TOKYO — Japanese officials reported a huge jump in radioactivity — levels 10 million times the norm — in water in one reactor unit at a tsunami-damaged nuclear plant Sunday, forcing workers to evacuate and again delaying efforts to control the leaking complex.

The air, meanwhile, measured 1,000 millisieverts per hour — four times the limit of 250 millisieverts deemed safe by the government, Tokyo Electric Power Co. spokesman Takashi Kurita told reporters.

Word of the startling jump in radioactivity in Unit 2 came as TEPCO struggled to pump the contaminated water from four troubled reactor units at the overheated Fukushima Dai-ichi plant, 140 miles (220 kilometers) northeast of Tokyo. The reading was so high that the worker measuring the levels fled before taking a second reading, officials said.

Japan's Nuclear and Industrial Safety Agency had warned Saturday that radioactivity inside the units was rising fast and that extracting the radioactive water was a priority.

The discovery over the last three days of radioactive water in one or more units at the six-unit complex has been a major setback in the urgent mission to get the plant's crucial cooling system back up and operating more than two weeks after a massive earthquake and tsunami.

The magnitude-9 quake off Japan's northeast coast March 11 triggered a tsunami that barreled onshore and disabled the Fukushima plant, complicating a humanitarian disaster that has killed more than 10,000 people and left hundreds of thousands homeless.

The official death toll stood at 10,489 on Sunday, with more than 16,620 people missing, police said. The final death toll was expected to top 18,000.

Since the quake and tsunami, nuclear workers have raced to cool down the overheating plant as radiation made its way into food, seawater and even tap water supplies as far away as Tokyo.

Officials said the discovery Thursday of highly radioactive pools of water in Unit 3 led to suspicions that radiation was leaking due to a possible breach. Two workers were being treated at a hospital for possible burns sustained from wading into the contaminated water.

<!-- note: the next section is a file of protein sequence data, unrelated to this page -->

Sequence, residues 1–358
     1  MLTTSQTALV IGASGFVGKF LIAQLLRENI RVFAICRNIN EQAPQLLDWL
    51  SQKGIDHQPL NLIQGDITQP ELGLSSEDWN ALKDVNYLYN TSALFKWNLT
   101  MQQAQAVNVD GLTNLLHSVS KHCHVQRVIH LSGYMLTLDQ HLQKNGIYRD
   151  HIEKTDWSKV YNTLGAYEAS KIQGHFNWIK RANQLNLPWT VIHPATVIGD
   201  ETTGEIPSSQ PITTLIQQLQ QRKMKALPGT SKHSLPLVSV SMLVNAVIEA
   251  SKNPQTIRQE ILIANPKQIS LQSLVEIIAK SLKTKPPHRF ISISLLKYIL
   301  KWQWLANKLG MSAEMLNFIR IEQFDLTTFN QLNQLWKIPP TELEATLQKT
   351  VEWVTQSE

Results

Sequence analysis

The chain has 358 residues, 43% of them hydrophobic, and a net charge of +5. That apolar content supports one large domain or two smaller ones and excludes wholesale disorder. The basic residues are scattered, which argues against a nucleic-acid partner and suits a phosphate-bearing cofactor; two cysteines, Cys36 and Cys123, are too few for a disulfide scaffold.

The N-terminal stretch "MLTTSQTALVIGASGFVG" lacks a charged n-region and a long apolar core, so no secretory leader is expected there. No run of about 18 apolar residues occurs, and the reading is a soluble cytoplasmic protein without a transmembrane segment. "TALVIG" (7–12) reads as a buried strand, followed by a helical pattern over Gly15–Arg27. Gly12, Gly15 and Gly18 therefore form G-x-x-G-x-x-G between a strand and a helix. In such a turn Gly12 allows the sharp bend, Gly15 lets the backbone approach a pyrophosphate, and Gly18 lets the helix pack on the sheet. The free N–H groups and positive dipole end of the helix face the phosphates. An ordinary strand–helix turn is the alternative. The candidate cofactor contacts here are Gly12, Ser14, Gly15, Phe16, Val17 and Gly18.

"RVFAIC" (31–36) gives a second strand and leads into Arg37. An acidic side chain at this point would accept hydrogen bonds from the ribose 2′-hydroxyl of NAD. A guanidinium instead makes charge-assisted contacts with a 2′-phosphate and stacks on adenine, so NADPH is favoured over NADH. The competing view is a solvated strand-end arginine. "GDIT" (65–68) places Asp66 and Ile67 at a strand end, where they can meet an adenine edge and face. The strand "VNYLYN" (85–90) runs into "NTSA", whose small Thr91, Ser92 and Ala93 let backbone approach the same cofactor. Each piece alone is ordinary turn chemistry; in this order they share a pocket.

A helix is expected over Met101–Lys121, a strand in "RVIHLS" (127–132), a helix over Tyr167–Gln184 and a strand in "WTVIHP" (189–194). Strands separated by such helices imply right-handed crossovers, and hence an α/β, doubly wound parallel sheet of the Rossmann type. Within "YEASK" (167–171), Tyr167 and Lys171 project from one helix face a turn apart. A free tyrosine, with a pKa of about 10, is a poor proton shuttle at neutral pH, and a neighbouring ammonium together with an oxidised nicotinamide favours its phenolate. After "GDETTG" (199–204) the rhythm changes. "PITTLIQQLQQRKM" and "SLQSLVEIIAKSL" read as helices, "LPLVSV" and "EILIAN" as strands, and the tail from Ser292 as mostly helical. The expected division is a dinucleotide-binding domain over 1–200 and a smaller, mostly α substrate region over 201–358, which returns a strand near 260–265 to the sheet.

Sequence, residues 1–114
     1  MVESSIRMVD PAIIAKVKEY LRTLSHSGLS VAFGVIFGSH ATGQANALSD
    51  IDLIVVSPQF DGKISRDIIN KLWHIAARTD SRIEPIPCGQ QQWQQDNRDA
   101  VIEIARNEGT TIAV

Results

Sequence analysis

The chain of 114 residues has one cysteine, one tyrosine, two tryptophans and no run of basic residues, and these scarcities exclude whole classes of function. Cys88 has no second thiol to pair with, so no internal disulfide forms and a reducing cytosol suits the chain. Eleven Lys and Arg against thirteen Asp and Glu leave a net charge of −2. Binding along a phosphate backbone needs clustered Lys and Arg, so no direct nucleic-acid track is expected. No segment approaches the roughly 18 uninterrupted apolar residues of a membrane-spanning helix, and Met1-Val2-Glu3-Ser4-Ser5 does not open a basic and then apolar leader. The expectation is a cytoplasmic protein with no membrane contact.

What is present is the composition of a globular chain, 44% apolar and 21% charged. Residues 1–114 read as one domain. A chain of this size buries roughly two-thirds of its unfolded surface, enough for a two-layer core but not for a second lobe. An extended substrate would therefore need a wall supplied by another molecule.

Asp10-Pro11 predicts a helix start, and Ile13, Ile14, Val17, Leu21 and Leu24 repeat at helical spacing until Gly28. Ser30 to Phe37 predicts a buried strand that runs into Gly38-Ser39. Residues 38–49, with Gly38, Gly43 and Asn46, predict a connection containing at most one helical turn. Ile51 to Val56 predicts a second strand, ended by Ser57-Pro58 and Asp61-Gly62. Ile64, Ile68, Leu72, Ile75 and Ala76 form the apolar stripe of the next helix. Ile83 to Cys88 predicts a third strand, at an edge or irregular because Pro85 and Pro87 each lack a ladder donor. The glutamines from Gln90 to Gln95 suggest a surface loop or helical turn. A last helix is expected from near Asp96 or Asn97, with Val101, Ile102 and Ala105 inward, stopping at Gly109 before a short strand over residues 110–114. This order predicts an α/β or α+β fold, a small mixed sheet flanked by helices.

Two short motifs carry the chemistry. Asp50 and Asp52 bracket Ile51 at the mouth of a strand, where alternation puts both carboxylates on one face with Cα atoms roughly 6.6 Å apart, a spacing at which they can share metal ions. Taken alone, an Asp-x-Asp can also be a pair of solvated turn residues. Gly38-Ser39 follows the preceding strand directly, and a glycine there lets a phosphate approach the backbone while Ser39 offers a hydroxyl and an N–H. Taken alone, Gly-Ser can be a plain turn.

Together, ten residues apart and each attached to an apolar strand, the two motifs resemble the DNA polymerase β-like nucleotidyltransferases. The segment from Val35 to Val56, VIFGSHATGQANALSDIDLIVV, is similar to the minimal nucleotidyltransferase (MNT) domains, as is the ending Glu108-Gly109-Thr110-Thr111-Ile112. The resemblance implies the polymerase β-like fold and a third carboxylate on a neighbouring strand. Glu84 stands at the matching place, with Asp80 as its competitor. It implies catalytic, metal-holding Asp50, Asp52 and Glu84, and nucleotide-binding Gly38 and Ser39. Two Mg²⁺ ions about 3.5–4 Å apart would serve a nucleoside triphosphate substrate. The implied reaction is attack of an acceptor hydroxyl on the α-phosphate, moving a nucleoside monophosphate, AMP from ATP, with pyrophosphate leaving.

Chief Cabinet Secretary Yukio Edano said the exact source of the leak wasn't clear yet but radioactive water is "almost certainly" seeping from a reactor core.

Workers were scrambling to remove the contaminated water and find a safe place to store it, TEPCO officials said.

With just one pump incapable of handling the large amounts of water, two more will be brought in to help speed up the process, said Hidehiko Nishiyama, a nuclear safety official.

The protracted nuclear crisis has spurred concerns about the safety of food and water in Japan, which is a prime source of seafood for some countries.

Radiation has been found in milk, seawater and a range of vegetables, including broccoli, cauliflower and turnips.

Tap water in several areas of Japan, including Tokyo, has showed higher-than-normal levels of radiation, prompting officials to distribute bottled water to families with infants.

Just outside a reactor at the coastal Fukushima nuclear plant, radioactivity in seawater tested about 1,250 times higher than normal, officials. Nishiyama has said the area is not a source of seafood and that the contamination posed no immediate threat to human health.

Experts with the International Atomic Energy Agency said the ocean would quickly dilute the worst contamination.

Edano urged TEPCO to be more transparent after NISA revealed that the plant operator was aware of high levels of radiation in the air in Unit 3 several days before the two workers suffered burns there. NISA said it warned TEPCO to improve and ensure workers' safety.

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The workers who stepped into the contaminated water Thursday were exposed to radiation at levels between 2,000 and 6,000 millisieverts, the IAEA said Sunday. Health authorities say whole-body exposure to more than 3,000 millisieverts in a short period can spur radiation sickness and death in a large population.

Up to 600 people are working inside the plant in shifts. Nuclear safety officials said the time workers spent inside units is closely monitored.

"It's definitely a severe environment, but the amount of time workers are allowed in there is strictly controlled so that their exposure does not exceed the limit," NISA official Minoru Ogoda Ogoda said Sunday.

He said the radioactivity found in Unit 2 is mostly from iodine-134, which has a relatively short half-life of 53 minutes, meaning it dissipates quickly.

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